blog #4

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I really enjoyed watching "Do the Right thing" in class. I think there are many gripping scenes where they show many stereotypes that are still true in today's society. I think the scene of the white guy with the Celtics Larry Bird jersey bumping into the guy with the Lakers Magic Johnson jersey was a great scene, because of the reality of that scene. During the 80's when Larry Bird was leading the celtics and Magic was leading the Lakers both to multiple championships, race was always an underlining tone when their legacies were discussed. Larry Bird was the hard-working gritty team player that embodied all of what Celtics basketball was, and Magic was the flashy show-boating talent who along with his teammates had no respect and ran up the score. And during a time where racism was much more prevalent than it is today, it was often seen as Larry was the hero for the white race and Magic was the hero for the black race.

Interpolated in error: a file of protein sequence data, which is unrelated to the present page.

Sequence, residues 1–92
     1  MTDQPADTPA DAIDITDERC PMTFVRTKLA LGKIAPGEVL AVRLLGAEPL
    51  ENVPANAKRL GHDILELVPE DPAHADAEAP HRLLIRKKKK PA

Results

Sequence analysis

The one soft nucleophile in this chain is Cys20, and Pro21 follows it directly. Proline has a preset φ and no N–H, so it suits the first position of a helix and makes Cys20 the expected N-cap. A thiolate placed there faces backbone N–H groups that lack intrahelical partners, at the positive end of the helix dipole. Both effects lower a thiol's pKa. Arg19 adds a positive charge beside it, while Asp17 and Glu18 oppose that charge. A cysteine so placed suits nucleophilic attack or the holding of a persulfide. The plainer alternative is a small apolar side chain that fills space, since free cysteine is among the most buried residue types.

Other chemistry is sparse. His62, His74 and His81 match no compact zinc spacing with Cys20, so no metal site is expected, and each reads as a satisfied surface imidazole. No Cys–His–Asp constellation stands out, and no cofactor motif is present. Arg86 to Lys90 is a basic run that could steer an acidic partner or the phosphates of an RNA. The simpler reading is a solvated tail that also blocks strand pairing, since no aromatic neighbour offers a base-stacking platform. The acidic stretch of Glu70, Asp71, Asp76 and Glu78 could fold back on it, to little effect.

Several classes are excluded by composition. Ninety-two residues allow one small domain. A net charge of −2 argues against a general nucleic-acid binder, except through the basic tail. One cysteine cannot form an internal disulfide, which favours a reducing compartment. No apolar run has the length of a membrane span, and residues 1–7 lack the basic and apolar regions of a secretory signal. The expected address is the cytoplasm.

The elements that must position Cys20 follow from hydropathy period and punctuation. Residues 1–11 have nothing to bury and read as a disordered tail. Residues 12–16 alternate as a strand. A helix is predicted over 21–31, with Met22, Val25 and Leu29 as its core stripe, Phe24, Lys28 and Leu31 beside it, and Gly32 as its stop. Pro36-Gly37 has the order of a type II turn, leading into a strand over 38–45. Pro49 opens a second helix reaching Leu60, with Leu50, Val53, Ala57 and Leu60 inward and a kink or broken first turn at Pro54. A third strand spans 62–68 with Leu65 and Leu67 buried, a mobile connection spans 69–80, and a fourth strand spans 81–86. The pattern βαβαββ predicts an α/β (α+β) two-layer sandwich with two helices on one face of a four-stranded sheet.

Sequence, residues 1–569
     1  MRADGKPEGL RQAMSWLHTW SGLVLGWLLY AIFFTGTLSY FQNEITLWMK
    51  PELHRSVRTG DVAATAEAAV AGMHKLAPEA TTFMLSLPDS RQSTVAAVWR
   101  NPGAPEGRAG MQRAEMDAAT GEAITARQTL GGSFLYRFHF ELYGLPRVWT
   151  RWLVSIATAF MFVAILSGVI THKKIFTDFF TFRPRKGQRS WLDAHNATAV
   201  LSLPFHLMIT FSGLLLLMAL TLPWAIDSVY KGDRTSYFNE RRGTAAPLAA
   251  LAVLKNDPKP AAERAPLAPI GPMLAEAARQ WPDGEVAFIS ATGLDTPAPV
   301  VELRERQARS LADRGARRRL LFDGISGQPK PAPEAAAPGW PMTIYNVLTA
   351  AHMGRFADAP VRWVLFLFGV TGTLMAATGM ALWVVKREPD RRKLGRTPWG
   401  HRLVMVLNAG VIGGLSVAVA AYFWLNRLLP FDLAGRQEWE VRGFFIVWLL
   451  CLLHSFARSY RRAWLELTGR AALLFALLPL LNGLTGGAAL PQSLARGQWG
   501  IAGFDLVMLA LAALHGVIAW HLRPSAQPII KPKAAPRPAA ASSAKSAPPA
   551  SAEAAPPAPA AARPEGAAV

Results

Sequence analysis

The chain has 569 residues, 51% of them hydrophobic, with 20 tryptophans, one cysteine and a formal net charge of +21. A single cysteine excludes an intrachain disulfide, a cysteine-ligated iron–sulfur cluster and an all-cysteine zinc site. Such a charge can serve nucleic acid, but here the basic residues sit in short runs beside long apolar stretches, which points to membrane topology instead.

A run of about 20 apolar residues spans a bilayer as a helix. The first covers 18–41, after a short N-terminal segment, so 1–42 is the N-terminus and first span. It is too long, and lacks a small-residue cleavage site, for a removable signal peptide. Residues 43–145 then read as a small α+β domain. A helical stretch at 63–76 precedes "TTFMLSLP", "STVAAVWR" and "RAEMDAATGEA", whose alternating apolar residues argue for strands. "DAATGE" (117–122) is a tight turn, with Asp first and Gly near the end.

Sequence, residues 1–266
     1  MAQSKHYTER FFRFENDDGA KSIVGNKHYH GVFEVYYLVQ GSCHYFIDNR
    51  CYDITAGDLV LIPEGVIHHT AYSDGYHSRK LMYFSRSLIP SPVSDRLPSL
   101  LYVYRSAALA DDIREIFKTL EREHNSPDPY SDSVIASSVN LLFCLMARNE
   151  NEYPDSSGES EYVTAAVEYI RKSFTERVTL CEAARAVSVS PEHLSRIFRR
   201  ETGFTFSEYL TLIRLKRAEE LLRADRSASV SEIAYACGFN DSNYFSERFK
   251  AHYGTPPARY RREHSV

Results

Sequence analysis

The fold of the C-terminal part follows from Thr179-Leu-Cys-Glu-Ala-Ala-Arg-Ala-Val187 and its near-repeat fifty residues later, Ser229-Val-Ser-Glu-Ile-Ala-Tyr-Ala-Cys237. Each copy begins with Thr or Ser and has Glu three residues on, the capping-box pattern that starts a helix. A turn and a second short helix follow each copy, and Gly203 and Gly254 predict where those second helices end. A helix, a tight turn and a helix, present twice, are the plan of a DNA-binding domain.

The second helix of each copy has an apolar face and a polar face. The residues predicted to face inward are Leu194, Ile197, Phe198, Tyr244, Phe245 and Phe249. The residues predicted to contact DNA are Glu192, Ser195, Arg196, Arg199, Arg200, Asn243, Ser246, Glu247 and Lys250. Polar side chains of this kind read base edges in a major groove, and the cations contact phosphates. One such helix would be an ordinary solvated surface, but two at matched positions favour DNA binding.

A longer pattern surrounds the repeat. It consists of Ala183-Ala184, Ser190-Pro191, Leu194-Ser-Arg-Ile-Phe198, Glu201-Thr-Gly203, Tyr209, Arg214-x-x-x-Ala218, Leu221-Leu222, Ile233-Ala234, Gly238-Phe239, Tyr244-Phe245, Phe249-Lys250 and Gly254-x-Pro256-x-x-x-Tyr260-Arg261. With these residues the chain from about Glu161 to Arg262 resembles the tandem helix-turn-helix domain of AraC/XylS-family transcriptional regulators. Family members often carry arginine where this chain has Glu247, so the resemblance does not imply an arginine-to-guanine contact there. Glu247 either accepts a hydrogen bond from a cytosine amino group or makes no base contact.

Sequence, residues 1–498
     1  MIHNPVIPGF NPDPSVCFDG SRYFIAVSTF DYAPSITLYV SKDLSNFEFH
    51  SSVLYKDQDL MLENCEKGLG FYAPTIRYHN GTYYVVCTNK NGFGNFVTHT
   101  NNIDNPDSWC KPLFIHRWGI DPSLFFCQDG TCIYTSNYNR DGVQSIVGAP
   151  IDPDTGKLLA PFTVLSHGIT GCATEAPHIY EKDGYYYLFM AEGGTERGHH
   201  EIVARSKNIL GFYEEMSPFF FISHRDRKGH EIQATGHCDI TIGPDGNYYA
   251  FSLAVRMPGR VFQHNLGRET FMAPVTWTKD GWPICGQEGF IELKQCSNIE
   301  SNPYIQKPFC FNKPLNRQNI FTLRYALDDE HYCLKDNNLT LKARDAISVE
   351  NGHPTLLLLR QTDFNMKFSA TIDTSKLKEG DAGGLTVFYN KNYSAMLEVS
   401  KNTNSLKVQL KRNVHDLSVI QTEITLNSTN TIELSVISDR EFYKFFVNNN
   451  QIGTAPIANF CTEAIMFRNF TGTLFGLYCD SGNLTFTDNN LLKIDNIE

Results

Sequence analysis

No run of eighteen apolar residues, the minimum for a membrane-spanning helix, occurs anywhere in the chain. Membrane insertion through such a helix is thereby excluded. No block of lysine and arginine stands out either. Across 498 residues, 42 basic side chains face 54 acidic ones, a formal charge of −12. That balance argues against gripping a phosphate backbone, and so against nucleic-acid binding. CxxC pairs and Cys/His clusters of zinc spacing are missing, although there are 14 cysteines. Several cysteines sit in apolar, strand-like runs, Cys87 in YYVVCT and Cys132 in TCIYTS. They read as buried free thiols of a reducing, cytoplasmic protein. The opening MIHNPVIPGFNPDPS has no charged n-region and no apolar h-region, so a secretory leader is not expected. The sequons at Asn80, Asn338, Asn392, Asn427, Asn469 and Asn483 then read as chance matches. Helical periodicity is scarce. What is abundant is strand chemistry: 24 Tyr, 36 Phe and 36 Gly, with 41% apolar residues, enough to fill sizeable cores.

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I completely agree. The duality of how that concept was occurring in real life and in the movie is really interesting. I like how you compared Larry Bird to being the white hero and Magic Johnson to being the black hero. In a way, I think that was the underlying tone of the whole movie: a competition to be a hero in any way possible. From characters trying to be fathers, business owners, and proper citizens, to the very case of the mayor saving the boy and getting little recognition. A race to be the hero to your race.

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This page contains a single entry by kent0102 published on October 8, 2012 4:50 PM.

Ralph, Fred, Archie and Homer was the previous entry in this blog.

Julie Bettie, "Class Dismissed?: Roseanne and the changing face of working-class iconography" is the next entry in this blog.

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